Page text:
Much love and attention was thus focused on the remaining child, Tessie. But with a famous artista for a mother, Tessie got used to the limelight very early on. At age 5, her mother was approached by the Vera-Perezes of Sampaguita Pictures to audition for the movies. As Linda was a close relative of the Vera-Perezes, she agreed to their request. Tessie impressed Dr. Jose Perez with her ability to cry on cue and soon she was cast in several movies, her first two with Pancho Magalona.

No sooner had she started when Sampaguita Pictures was razed by a fire, leaving the studio in jeopardy. But the contract stars rallied around the Vera-Perezes, offering their services for free so that the studio could be rebuilt. A serial novel written by Mars Ravelo in Tagalog Klasiks became the basis for a tearjerker movie entitled “Roberta”. Cast in the lead role was 11 year old Tessie, supported by another child actor, Boy Alano. The budget movie was megged by Director Olive De La Torre.

During the shooting of the movie, Tessie was bribed with Max’s Fried Chicken to put her in an acting mood. She did not disappoint; she memorized all her lines, cried at the drop of a hat, and stole every scene she was in. When “Roberta” was shown at the Life Theater, it became a monster hit—and the one week run was overextended, until it broke all existing box-office records. Her convincing performance as a poor, pitiful child endeared her to an audience who took her into their hearts, and catapulted her to instant stardom—the first child superstar of Philippine movies.

Sampaguita Pictures managed to get back on its feet and would eventually come out even bigger and better than it was before. In gratitude for helping save the studio, Tessie was cast in picture after picture, and soon she was being hailed as the Philippines’ own Shirley Temple. Before 1951 was over, she did three films: "Ang Prinsesa at ang Pulubi”, “Anghel ng Pag-ibig” and “Batas ng Daigdig”. The following year, she had the title role in “Rebecca”, “Munting Kerubin” and “Ulila ng Bataan”. She even did a take on Shirley’s movie, doing “Munting Koronel” (Little Colonel) in 1953.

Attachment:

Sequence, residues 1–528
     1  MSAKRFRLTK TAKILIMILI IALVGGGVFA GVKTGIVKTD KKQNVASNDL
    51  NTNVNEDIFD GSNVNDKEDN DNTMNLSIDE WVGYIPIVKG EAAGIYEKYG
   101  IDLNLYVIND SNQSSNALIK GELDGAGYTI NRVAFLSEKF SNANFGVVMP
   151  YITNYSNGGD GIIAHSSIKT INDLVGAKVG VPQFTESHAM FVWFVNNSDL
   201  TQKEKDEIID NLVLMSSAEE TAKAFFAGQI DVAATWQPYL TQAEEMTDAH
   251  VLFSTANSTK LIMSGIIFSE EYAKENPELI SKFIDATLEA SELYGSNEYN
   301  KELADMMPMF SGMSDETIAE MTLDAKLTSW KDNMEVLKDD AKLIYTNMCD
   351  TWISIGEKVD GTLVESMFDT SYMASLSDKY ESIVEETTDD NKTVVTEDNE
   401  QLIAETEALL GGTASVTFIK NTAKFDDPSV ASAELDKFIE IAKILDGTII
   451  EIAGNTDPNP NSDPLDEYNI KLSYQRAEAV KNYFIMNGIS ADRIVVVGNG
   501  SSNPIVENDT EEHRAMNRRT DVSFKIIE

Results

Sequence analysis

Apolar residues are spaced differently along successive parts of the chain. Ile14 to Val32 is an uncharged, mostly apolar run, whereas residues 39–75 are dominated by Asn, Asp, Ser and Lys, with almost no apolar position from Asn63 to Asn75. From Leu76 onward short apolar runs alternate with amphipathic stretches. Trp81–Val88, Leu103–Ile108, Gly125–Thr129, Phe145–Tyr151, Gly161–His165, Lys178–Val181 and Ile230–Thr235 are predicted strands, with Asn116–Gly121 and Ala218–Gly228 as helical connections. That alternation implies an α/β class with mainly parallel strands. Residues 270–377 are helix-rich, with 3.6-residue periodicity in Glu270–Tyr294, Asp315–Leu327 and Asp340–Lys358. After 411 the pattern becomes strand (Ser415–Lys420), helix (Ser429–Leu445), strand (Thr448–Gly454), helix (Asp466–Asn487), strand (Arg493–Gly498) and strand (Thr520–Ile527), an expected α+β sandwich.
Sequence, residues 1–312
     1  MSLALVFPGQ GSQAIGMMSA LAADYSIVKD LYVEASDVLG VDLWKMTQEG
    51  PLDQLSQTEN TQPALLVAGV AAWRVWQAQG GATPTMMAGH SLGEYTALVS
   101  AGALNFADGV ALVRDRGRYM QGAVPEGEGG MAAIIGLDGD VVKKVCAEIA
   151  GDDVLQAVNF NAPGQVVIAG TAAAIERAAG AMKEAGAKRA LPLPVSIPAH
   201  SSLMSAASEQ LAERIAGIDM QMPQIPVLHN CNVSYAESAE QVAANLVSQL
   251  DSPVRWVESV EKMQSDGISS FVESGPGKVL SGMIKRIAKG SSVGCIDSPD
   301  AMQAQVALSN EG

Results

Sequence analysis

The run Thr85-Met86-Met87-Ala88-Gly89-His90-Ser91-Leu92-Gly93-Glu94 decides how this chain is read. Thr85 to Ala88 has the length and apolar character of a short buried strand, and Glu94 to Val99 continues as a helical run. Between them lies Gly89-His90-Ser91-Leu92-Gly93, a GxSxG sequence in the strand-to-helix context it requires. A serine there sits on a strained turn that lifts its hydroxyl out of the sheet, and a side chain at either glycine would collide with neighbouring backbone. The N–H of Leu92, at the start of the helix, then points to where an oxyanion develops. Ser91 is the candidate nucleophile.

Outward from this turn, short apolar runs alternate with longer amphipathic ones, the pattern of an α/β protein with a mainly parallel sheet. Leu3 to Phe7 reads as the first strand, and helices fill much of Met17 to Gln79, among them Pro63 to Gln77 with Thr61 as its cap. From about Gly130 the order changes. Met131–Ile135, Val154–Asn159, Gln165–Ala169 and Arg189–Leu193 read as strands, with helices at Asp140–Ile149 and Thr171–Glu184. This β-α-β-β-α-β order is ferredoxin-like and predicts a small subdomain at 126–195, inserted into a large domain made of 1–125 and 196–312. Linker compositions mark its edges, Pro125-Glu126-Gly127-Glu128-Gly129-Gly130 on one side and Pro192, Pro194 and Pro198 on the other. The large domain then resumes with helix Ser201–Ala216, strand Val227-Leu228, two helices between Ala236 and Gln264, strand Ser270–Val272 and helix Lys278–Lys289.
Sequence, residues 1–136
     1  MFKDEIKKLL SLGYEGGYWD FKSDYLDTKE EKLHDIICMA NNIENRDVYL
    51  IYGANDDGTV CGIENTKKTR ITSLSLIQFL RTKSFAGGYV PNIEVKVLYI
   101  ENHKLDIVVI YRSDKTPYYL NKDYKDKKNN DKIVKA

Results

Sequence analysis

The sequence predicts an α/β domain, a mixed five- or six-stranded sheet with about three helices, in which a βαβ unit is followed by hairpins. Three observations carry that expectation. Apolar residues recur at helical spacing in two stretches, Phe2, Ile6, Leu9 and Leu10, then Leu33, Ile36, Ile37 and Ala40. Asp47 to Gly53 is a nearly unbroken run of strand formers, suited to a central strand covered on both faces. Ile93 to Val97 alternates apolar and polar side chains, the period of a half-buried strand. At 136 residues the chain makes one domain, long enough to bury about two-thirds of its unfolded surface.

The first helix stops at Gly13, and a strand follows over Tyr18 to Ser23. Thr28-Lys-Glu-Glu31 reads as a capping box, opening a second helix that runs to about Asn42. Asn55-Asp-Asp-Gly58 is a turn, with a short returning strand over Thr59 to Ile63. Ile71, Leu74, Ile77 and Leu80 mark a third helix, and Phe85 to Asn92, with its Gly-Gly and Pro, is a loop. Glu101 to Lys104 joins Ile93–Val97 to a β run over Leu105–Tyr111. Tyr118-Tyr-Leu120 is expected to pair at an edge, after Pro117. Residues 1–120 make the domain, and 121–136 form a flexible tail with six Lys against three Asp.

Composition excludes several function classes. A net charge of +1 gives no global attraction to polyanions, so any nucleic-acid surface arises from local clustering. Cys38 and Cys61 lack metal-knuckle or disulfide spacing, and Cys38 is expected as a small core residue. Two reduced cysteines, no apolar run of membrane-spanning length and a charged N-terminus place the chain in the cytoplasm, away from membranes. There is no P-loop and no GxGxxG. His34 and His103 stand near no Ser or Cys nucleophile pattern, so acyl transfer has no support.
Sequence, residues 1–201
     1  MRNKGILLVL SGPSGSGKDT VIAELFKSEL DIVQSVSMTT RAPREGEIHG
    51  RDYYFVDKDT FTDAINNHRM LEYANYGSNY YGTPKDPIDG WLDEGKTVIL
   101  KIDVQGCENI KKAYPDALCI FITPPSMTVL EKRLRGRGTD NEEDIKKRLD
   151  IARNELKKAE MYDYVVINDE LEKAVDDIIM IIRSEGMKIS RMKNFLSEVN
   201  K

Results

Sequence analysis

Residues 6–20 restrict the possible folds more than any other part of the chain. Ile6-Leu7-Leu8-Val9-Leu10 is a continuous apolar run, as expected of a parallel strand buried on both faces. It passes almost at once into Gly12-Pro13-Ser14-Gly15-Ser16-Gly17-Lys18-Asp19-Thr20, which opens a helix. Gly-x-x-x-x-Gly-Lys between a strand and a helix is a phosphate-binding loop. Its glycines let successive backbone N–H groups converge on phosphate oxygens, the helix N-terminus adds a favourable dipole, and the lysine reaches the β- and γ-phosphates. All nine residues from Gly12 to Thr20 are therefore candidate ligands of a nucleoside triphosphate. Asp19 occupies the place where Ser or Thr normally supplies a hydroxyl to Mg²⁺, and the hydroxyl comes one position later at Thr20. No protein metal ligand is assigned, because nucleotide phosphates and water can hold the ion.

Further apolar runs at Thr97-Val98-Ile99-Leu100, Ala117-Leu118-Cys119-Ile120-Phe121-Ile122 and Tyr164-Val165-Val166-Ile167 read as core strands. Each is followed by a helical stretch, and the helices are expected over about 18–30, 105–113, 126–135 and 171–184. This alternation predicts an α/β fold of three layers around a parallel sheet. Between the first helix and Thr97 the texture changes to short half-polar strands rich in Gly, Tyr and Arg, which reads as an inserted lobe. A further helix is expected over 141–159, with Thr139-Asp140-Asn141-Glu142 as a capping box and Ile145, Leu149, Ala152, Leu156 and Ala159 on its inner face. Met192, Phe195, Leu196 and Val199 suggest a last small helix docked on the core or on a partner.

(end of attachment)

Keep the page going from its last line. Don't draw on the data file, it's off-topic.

Like all child stars, Tessie had to go through the awkward stage. After 1954, she did just one film—“Baril o Araro?”, which had a more adult slant. In their desire to give Tessie a “normal life”, the family migrated to the United States in 1957. They quickly established themselves there; her father worked at the Johns Hopkins in Maryland while mother Linda took up a music course at the Peabody Conservatory of Music. Tessie, meanwhile, enrolled in a foreign language course and graduated from De Paul University in Indiana.

At age 18, Tessie was prevailed upon by the Vera-Perezes to return to the Philippines so she could continue her movie career that was put on hold for 3 years. Now a young adult, she appeared in the popular “Amy, Susie and Tessie” with screen stars Amalia Fuentes and Susan Roces, and “Love at First Sight” with Jose Mari Gonzales.

Eventually, the reluctant star opted to go back to the United States, where in 1962, she would meet Dr. Rodolfo L. Jao at a medical convention, who would eventually become her spouse. The Jaos would raise a big family of 9 children—all grown-ups with families of their own, and all successful in their fields: Marita, Radmar, Rodger, Roderick, Michelle, Mylene, Rodolfo Jr., Rodney and Rodell. It is interesting to note that Radmar had a brief fling with showbiz, appearing on TV (Seinfeld, Dharma and Greg, ER, Boston Commons) and movies (The Minority Report, The Phantom) before giving up everything to be a Jesuit priest.

Now settled with her husband and most of her children in Valparaiso, Indiana, Tessie Agana had long ago put her wonder years behind her. But it cannot be denied that she blazed the trail for future child stars to follow, proving that the same superstar status once reserved for leading men and ladies can also be attained through sheer talent--regardless of age.